This is always somewhat bittersweet for me.  I do not like tearing out beautiful flowers.  They have performed so beautifully for me since last October.

container plants
container plants

Container plants

But the truth is, is that if I don’t pull them out, the heat will finish them off sooner or later.  Also, it is helpful to plant summer flowers before the heat arrives so that they can have time to establish before dealing with the stress of summer temperatures.  

And so for those reasons, I gritted my teeth and began pulling.

container plants

Container plants

Now, I am ready to start with a clean slate or should I say, clean soil.  

Now, not all of the following photos are particularly beautiful, but are helpful in illustrating how I planted my new summer flowers, which will look great soon.

Now, I couldn’t find my small hand spade this morning, which is probably a result of having four children still living at home.  I am sure one of them knows where it is, but they were at school and so I improvised.

container plants

Okay, I realize that those of you who have had the opportunity to come over and eat at my house may never do so again after seeing me use my large serving spoon.  But, it really worked out ideally and I put it in the dishwasher afterwards 😉

First, I dug up the top 6 inches of soil, taking care to remove large clumps of roots.

 large clumps of roots

**I warned you that some of the pictures were not going to be particularly pretty….

The next step was to add 6 inches of compost and mix it in with the existing soil.  Unfortunately, I do not have my own compost pile, so I used bagged compost available at my local nursery.  The brand is not important, just use what your nursery has in stock.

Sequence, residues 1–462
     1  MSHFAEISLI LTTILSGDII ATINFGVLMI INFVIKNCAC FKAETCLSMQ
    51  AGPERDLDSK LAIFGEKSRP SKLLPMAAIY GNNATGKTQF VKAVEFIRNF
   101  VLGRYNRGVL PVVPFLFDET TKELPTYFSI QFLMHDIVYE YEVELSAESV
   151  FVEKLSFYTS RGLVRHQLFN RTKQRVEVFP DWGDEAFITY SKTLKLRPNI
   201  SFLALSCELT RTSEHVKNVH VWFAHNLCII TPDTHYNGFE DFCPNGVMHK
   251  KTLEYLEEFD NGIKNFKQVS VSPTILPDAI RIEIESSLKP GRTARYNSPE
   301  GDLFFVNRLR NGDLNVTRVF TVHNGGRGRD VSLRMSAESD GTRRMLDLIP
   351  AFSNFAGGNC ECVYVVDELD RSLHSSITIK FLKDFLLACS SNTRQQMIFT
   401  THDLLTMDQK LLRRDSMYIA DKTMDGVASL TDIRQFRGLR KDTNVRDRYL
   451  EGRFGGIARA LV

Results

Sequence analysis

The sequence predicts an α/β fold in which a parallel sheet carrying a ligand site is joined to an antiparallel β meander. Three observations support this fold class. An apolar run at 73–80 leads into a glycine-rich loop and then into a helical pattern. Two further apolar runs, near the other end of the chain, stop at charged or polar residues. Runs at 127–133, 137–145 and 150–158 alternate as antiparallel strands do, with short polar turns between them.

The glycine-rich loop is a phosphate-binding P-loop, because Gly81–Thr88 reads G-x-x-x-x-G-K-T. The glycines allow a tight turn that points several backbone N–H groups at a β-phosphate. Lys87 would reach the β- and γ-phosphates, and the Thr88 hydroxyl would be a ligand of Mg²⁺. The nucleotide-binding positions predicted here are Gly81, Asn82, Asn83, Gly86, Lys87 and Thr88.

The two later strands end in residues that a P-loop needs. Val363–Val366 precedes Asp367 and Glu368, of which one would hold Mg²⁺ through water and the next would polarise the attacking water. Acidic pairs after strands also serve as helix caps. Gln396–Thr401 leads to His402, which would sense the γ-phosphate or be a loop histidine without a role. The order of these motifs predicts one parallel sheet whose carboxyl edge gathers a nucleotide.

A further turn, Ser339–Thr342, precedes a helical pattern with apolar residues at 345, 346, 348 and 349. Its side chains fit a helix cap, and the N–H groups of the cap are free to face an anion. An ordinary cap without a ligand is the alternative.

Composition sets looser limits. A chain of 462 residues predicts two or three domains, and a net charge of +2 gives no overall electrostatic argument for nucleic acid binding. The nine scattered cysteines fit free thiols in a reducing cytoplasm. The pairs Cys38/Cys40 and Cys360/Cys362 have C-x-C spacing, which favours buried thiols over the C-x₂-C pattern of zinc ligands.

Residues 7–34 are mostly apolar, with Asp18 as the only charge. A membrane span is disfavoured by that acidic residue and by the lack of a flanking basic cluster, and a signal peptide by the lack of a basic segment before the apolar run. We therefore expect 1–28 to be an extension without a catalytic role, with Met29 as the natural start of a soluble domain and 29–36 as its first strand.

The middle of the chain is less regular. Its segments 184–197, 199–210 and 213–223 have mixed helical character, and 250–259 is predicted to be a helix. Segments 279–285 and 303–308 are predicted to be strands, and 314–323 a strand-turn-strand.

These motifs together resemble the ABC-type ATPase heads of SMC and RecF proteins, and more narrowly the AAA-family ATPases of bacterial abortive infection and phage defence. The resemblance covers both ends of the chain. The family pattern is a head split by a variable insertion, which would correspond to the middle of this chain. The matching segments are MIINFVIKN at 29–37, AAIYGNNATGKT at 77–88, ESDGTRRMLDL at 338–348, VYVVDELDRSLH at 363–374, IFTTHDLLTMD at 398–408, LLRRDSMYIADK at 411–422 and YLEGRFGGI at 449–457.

compost

I made a single hole for my new plant, which is 1-gallon in size, instead of the smaller sizes – I’ll explain more about that later.  I made sure that I did not add too much soil, because I do not want to deal with soil overflowing whenever I water.

hole

The area my pots are located in faces west and receives afternoon sun in the afternoon.  As a result, I need to use a plant that can withstand the intense sun and heat of summer.  From my experience around golf courses and commercial landscapes, Lantana and Vinca do best.  

Last year, I planted Vinca and so this year, I will use Lantana.  Since it is not always easy to find Lantana in a small size, I just purchased a single 1-gallon Lantana for each container.

Lantana

Now, I must admit that the picture on the plant tag, does not exactly match the flowers.  But, they have not opened up completely, so we will see what they look like.

Okay, I admit that it does not look too impressive right now.  You may be asking why I am not adding any more to the pot?  Well, first of all, my tastes are somewhat simple.  But, the major reason is that the Lantana will grow rapidly and cover the bare areas very quickly.  

Soon, it will hopefully look like this one….

Lantana

The last and maybe best reason that I love to use Lantana in containers is that when I dig them up in the fall, (in order to plant winter/spring flowers), is that I can plant the Lantana in my garden and enjoy them year-round.

What summer flowers are you planting in your containers?

Flowers for Summer? Not So Fast…..